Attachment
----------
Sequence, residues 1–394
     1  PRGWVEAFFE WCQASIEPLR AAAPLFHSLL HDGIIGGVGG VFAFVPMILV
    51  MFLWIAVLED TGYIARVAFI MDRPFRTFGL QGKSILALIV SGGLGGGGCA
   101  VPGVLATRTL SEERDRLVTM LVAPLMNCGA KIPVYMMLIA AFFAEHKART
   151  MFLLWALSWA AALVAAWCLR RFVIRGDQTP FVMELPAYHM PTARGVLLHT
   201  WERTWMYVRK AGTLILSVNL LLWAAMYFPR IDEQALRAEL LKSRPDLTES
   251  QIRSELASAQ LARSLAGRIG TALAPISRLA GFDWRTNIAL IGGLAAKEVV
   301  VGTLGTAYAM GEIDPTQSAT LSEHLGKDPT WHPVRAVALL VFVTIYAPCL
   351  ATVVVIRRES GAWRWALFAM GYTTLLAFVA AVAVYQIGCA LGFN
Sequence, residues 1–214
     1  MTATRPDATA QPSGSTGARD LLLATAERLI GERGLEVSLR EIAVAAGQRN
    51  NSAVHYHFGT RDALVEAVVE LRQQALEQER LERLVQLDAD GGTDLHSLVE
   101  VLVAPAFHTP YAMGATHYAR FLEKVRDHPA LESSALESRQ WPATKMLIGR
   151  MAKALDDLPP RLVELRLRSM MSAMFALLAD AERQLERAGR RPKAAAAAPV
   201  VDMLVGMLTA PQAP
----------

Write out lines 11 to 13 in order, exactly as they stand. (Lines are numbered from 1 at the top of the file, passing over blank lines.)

     1  MTATRPDATA QPSGSTGARD LLLATAERLI GERGLEVSLR EIAVAAGQRN
    51  NSAVHYHFGT RDALVEAVVE LRQQALEQER LERLVQLDAD GGTDLHSLVE
   101  VLVAPAFHTP YAMGATHYAR FLEKVRDHPA LESSALESRQ WPATKMLIGR